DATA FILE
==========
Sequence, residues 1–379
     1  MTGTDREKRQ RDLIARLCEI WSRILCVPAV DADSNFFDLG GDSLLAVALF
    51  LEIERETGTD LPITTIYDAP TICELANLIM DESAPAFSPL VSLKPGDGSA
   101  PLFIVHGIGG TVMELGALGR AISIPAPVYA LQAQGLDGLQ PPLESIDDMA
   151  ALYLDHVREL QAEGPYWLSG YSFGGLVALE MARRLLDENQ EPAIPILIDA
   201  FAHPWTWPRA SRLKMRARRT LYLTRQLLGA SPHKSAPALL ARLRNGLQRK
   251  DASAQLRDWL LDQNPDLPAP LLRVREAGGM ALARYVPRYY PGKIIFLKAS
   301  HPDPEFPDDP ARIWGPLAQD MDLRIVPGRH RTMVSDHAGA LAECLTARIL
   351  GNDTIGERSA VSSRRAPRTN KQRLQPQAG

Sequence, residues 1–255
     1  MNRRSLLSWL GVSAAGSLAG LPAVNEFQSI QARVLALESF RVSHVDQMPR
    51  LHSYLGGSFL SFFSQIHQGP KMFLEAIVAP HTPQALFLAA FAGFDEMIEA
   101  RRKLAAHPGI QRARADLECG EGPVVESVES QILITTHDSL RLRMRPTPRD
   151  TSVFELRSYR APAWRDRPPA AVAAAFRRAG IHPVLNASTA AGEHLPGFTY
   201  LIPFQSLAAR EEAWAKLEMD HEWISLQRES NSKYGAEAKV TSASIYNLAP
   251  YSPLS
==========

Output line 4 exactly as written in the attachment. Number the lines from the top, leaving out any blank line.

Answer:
   101  PLFIVHGIGG TVMELGALGR AISIPAPVYA LQAQGLDGLQ PPLESIDDMA